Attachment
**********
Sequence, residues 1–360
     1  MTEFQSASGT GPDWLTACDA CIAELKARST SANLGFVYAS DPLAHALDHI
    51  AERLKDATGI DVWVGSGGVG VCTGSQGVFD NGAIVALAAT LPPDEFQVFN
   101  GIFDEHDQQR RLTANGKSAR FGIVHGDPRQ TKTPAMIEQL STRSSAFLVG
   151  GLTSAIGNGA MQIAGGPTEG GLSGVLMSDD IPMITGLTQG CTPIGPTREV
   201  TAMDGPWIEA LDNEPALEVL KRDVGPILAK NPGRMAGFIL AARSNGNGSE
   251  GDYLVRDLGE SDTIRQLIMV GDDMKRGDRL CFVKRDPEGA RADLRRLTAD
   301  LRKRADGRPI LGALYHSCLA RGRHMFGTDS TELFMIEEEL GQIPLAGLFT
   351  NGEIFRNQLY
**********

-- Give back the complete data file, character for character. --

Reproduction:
Sequence, residues 1–360
     1  MTEFQSASGT GPDWLTACDA CIAELKARST SANLGFVYAS DPLAHALDHI
    51  AERLKDATGI DVWVGSGGVG VCTGSQGVFD NGAIVALAAT LPPDEFQVFN
   101  GIFDEHDQQR RLTANGKSAR FGIVHGDPRQ TKTPAMIEQL STRSSAFLVG
   151  GLTSAIGNGA MQIAGGPTEG GLSGVLMSDD IPMITGLTQG CTPIGPTREV
   201  TAMDGPWIEA LDNEPALEVL KRDVGPILAK NPGRMAGFIL AARSNGNGSE
   251  GDYLVRDLGE SDTIRQLIMV GDDMKRGDRL CFVKRDPEGA RADLRRLTAD
   301  LRKRADGRPI LGALYHSCLA RGRHMFGTDS TELFMIEEEL GQIPLAGLFT
   351  NGEIFRNQLY